One year ago today, after seven long weeks, I completed my radiation treatment. The twenty-something, male radiology tech I had daily bared my breasts and unshaven armpits to presented me with a certificate to honor my “courage and perseverance.” He hugged me goodbye while his smile sweetly said, “Don’t come back again.”
So now, twelve months later, I carry this sense of guilt that I can’t seem to shake. It haunts me in the wee hours of the night and chastens me at random moments throughout the day.
It feels like my dirty, little secret.
I have a compulsion to analyze everything; to know all the “whats” and “whys.” Consequently, I obsess over this dilemma. I’ve told no one, for who would understand my predicament? Worse yet, someone might respond, “Why yes, you should be guilt-ridden. You should be remorseful, embarrassed, and mortified you ungrateful b*+%#!”
In reality, I feel my diagnosis wasn’t devastating enough. I had an easy cancer, as cancers go. Caught very early, no mastectomy or chemo was needed. I don’t feel worthy to be a member of the pink ribbon club after witnessing the cataclysmic effects of a real, true cancer. My husband fought through leukemia and the impact of its treatment for almost seven years. He combatted this fierce challenger for control each and every one of those 2,539 days. I was the anguished observer and cheerleader, but I couldn’t stop the war. Finally, his body put up the white flag and he was gone. My four-month battle with the disease is insignificant in comparison.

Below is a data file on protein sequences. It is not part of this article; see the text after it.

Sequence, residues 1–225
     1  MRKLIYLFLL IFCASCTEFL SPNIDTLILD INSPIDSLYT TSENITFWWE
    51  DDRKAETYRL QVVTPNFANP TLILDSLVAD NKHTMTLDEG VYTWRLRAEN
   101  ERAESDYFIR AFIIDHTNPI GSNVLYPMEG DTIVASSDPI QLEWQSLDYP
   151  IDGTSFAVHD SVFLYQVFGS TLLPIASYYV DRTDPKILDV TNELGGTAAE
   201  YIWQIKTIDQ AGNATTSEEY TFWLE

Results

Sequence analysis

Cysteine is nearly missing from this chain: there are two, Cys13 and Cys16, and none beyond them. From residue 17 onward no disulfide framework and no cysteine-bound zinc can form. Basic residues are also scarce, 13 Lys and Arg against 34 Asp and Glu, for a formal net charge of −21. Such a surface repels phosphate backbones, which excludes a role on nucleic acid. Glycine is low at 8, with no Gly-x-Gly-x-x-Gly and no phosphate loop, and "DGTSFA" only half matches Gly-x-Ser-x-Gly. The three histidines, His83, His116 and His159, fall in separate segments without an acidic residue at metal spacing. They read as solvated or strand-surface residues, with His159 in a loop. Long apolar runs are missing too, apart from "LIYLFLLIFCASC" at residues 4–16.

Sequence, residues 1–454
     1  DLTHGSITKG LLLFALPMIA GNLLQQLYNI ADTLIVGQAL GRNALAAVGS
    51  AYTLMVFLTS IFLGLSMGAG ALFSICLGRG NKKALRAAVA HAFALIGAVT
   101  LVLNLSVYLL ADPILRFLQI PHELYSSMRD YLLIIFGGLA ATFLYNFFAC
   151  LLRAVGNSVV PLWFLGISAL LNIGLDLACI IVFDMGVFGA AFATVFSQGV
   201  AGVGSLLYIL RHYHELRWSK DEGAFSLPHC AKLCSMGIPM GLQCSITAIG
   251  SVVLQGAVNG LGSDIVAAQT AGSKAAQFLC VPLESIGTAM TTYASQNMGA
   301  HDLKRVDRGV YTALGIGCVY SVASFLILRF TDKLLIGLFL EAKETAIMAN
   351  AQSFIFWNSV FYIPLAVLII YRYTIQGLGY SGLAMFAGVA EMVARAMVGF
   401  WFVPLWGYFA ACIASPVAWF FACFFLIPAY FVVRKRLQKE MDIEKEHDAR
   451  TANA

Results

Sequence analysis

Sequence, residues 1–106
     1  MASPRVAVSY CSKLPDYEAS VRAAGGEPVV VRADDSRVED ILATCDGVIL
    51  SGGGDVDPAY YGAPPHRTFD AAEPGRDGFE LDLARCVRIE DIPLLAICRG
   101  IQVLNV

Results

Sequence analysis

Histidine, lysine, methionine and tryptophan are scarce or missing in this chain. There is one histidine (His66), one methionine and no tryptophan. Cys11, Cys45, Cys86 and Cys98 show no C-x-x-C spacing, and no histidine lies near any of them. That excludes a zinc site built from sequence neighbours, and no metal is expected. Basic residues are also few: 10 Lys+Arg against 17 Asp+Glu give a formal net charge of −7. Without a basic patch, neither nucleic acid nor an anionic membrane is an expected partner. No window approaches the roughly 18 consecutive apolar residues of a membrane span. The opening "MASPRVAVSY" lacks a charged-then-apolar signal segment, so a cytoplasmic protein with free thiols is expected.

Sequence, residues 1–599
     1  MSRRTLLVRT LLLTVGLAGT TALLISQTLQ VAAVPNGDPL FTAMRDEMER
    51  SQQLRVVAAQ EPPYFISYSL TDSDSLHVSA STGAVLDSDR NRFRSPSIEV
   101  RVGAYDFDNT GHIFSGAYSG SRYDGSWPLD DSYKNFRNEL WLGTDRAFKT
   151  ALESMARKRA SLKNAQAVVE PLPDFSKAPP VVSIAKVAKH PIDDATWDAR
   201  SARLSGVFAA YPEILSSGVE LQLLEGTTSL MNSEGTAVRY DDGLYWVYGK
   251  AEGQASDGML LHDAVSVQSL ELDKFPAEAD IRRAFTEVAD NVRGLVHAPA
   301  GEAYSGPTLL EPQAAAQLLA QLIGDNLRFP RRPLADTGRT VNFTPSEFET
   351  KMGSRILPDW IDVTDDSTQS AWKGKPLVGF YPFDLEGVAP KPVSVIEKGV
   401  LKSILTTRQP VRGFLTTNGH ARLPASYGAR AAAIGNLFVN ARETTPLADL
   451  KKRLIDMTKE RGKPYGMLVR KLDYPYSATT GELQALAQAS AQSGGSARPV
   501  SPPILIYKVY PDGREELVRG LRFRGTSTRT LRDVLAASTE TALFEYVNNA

I will at no time, ever, on any occasion, be able to repay all those who offered support through every test, appointment, surgery and treatment. I was cherished. Who was I to deserve this outpouring? I’m ashamed to admit that this self-debasement immobilizes me. Insecurities halt my desire to pay it forward — I would like to bring over a home-cooked meal (My cooking skills now suck.) Maybe dropped by unannounced, flowers in hand. (I’d be intruding.) — I guess some teenage angst stays with you forever.
Bouts of callousness and impatience engulf me. Trite memes bombard my Facebook page — Hit “like” if you want to cure cancer. Ignore, if you don’t — and make me want to scream. The constant pleas to “share” this pic or be faced with possible misfortunes are the new chain letter. These manipulations will do none of the things they promise or threaten, yet why do I judge? Why do they bother me so?
In the past, I volunteered as much as I could. I poured myself into these endeavors for they gave me a sense of purpose, a distraction from personal reflection. Now that time has ended and I feel like the rug has been pulled out from under me. Flat on my ass, I’m at a loss as to what to do next.
Some might say I am spent; I’ve given enough and I need some “me” time. Possibly, but I am uncomfortable with that assessment. It seems selfish. I am unsure why I am writing this and doubt I will hit the ominous “Publish” button taunting me. How can I admit publicly that I feel stagnant and full of excuses? To do so would reveal the scarlet letter that I have kept hidden, yet shamefully nurtured. The thought of it constricts my chest like a vice and I can barely breathe.
I take slow, deliberate breaths and wonder if declaration is the answer. Do I need to bare my soul, as I did my breasts, for treatment to begin? Does the secret need to be exposed in order to be eradicated? Will this confession radiate to my core and dissect the guilt that has invaded?
Perhaps that’s my real, true, war for survival.
Originally published in @HumanParts @Medium.com